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Monday, 30 September 2013 09:20

Hear and Now: Stream the new album 'Day of the Dog' by Ezra Furman

Hear and Now: Stream the new album 'Day of the Dog' by Ezra Furman
Written by Erin Frank
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Ezra Furman may look like a scruffier version of Conor Oberst, but on his second solo album, "Day of the Dog," he howls away all prepossessions of indie folk and proves himself to be one of rock 'n' roll's native sons.

Recorded in Chicago with Furman's touring band the Boy-Friends, "Day of the Dog" is scheduled for release on October 8, 2013 by Bar/None. Furman's relationship with Bar/None is only a few months old, but it began with Bar/None's re-release of Fumran's first solo album, 2012's "The Year of No Returning." Prior to this album, Furman spent six years recording with ensemble Ezra Furman and the Harpoons, whose reckless sort of garage pop was recently re-released this year with 2007's album "Banging Down the Doors." If Ezra Furman and the Harpoons was mostly bong rips and bravura, solo Ezra Furman is characterized by simple, noisy arrangements that pay liberal and candid homage to the beast that has come to be American rock 'n' roll.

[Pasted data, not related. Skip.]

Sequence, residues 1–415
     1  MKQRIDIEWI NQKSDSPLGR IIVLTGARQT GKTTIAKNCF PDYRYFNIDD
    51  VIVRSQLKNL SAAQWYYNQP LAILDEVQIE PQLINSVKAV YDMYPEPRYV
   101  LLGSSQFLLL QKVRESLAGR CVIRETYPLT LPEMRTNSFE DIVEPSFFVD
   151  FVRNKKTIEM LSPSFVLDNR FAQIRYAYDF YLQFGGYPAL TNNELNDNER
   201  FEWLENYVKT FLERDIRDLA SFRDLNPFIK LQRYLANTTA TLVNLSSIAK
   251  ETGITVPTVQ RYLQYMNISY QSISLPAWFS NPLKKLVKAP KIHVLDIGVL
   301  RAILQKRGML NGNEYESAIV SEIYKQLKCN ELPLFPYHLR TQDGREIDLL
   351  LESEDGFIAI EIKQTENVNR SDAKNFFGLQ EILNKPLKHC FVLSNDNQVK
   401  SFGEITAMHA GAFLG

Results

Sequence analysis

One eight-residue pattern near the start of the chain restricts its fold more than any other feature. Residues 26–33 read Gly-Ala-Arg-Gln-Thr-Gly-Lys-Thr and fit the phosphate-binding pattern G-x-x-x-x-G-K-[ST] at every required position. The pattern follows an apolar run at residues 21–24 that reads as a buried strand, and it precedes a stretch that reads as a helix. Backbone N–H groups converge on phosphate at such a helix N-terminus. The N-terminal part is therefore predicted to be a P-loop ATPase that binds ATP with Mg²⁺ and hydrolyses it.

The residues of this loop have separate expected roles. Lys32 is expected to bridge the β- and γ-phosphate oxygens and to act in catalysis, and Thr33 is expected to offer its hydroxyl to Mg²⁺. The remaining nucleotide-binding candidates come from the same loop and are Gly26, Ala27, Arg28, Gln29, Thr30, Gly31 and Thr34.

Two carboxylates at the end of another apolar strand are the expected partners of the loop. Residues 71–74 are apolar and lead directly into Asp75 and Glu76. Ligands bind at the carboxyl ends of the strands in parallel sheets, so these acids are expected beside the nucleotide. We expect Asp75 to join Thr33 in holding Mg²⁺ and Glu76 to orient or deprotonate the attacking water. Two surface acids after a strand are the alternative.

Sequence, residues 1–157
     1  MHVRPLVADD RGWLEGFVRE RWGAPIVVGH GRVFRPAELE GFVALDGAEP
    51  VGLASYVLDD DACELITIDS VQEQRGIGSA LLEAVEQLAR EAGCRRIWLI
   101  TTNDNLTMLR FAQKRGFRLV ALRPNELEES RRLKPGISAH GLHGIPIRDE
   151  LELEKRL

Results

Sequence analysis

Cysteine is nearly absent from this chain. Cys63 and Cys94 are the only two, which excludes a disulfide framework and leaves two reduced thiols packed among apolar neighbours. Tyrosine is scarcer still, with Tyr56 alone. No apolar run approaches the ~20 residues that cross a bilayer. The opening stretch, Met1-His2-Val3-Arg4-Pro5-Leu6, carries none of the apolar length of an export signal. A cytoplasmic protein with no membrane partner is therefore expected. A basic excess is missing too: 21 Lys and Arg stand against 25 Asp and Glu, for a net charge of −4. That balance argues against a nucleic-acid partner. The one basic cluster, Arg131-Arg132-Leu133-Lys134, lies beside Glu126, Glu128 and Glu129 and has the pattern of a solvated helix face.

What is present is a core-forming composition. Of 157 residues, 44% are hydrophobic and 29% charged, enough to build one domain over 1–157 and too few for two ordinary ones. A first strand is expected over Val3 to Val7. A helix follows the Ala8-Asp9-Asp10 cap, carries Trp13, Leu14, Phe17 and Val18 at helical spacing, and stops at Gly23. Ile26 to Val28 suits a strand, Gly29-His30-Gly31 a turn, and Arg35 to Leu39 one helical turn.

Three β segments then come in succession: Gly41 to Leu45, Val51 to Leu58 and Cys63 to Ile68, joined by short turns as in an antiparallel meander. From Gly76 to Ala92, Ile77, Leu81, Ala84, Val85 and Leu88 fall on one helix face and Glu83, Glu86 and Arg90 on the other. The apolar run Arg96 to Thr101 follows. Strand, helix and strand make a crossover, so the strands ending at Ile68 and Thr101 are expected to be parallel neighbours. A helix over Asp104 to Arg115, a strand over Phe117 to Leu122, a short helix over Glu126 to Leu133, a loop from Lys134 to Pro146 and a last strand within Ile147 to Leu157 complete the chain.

A native of the Chicago suburbs, Furman takes the blues heritage of his hometown seriously. "Day of the Dog" bristles with classic horns and dirty guitar and the agita of Furman's punk-styled vocals. It's a loud, wild mutt of a record, and it's terrifically fun.

"Tell Em All To Go To Hell" curls licks of fat sax around a bursted riff and the defiance of a rolling stone, while the eponymous "Day of the Dog" is a bluesy ballad and the album's most traditional offering. "Anything Can Happen" begins a lot like Van Morrison's "Madam George," "Slacker Adria" minces along with the strut of the Velvet Underground, and "At the Mall" is a doo-wop ditty that begins with a story about getting laid in a dressing room and culminates in the line "I am broken, wide open, bleeding everywhere."

Furman could mimic or affect if he chose, but for the most part, he performs as though he is being ecstatically exorcised. He makes a racket, a scene, a glorious spectacle of himself, and thankfully, it feels like he's taking everyone else along for the ride.

"Day of the Dog" will be released on October 8, 2013 on Bar/None Records.

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